Faculty Academic Advising

A Contribution to a Mentoring Community

Advising is the principal relationship between the student and the College.
Especially at the beginning, advisors are the College, and conduits to college resources and opportunities.

The responsibility is shared by the faculty within a college culture of communication and relationship.

Faculty members are supported in this role by the Academic Support Center and many other resources (Center for Servant Leadership, Career Development, Counseling Center, etc.)

Definitions of Advising

At the "Least" — at the base of the pyramid

  1. Meets twice/year to approve for registration — able to suggest other appropriate level courses as options if first choices are closed; conduit for other campus resources;
  2. Lets advisees know office hours and availability for other matters (for example, when decisions need to be made about withdrawal from a course, whether an Incomplete is appropriate, referrals to academic support, etc.);
  3. Reviews degree audit/progress to degree, understands graduation requirements, policies, knows deadlines and campus resources for referral;
  4. Articulates reasons for requiring a liberal arts foundation as part of the whole picture.

To the "Most" — Moving Up the Pyramid

  1. As needed, more frequent meetings than for approval to register; life questions;
  2. Looks beyond the details of the degree audit to the whole picture, suggesting other opportunities to be part of the four-year plan (qualitative instead of quantitative participation in co-curricular opportunities, study abroad, internships, summer work, academic experiences outside the classroom). What are we inviting them into?
  3. Refers to resources if an advisee is having academic difficulty OR is showing great promise and should be encouraged to take advantage of campus academic opportunities and/or to be groomed for undergraduate and graduate awards and scholarships.
  4. Undeclared advisees: knows resources for investigating interests and possibilities.
  5. Sophomore advisees: knows resources for issues specific to declared and undeclared sophomores — conscious of time remaining, not wanting to waste time. Helps them move forward, forge ties and find commitment.
  6. Major advisees: knows of academic experiences in and out of the classroom, on and off campus. Aware of awards and scholarships for your department. Aware of graduate programs and professional studies. Aware of recent graduates' experiences and placements.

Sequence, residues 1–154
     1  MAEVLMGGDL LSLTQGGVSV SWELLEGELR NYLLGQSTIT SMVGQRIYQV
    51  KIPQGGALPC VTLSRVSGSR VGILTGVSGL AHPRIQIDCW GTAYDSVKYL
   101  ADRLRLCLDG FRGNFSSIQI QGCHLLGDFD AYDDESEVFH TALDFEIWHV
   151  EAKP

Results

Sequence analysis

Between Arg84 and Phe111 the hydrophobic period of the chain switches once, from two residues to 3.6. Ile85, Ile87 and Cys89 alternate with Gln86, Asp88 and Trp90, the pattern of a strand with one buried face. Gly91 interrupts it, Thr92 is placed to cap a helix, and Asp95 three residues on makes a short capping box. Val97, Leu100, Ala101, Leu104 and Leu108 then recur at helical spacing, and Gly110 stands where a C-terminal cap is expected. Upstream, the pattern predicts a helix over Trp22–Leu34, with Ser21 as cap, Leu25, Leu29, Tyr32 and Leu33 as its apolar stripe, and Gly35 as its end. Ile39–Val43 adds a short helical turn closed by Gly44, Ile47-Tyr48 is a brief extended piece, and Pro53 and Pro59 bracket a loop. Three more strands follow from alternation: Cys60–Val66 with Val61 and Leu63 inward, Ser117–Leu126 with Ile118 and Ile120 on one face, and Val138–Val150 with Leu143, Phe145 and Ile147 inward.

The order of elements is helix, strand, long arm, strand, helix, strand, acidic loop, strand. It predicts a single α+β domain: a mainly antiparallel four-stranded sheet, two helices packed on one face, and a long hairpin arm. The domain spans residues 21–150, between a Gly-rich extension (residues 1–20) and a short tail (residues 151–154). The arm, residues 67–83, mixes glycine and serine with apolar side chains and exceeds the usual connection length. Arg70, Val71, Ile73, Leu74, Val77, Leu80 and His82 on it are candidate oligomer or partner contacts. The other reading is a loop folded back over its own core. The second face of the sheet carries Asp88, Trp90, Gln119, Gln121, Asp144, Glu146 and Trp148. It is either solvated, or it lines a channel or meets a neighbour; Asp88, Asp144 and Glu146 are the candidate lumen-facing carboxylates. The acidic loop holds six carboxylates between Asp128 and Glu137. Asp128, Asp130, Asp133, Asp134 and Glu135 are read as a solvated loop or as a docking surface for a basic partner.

7. At-Risk Advisees: (not all of this is known by the advisor)
    1. on academic probation
    2. returning from suspension
    3. first-generation
    4. students of color
    5. recent immigrants/refugees
    6. ELL issues — referral to WC
    7. disability documentation — accommodation(s) — referral to Advising Center
    8. returning from medical leave
    9. returning from disciplinary suspension
  8. Not to be a psychologist, but willing to listen and refer.
  9. The power of being seen. Advisors' place to "hold a space" (Parker Palmer) — to bear witness, able to stand alongside without judgment, no matter how poor the decisions and choices. Power of thinking together. Value of asking questions and listening. Advising as undistracted listening. Value of intrusive advising — what does a good student look like?
  10. Help stretch, hold high expectations as you do in the classroom.
  11. Familiar with developmental theory
  12. Familiar with learning styles

The Top of the Pyramid

  1. Consider advising as teaching — about the overall experience, the community of learners, a place of open inquiry.
  2. Whether official advisees or students in your classes, labs, ensembles, teams — see students with your advisor's eye/consciousness and care.
  3. Light fires — activate students' deepest motivations (Greg LeVoy)

Finally — broaden the definition of who is an advisor/mentor to acknowledge the value of work supervisors, coaches, advisors to organizations, Student Affairs staff, people of the college who spend time with students. All adults with student contact should see themselves as contributors to the common good of the institution and beyond.

At the same time we're advising/mentoring, recognize our own interior development, our own path as we examine our own lives and listen for numbers and kinds of callings for a lifetime; balance and care for ourselves - in order to be fully present. (Eckhart Tolle — The Power of Now)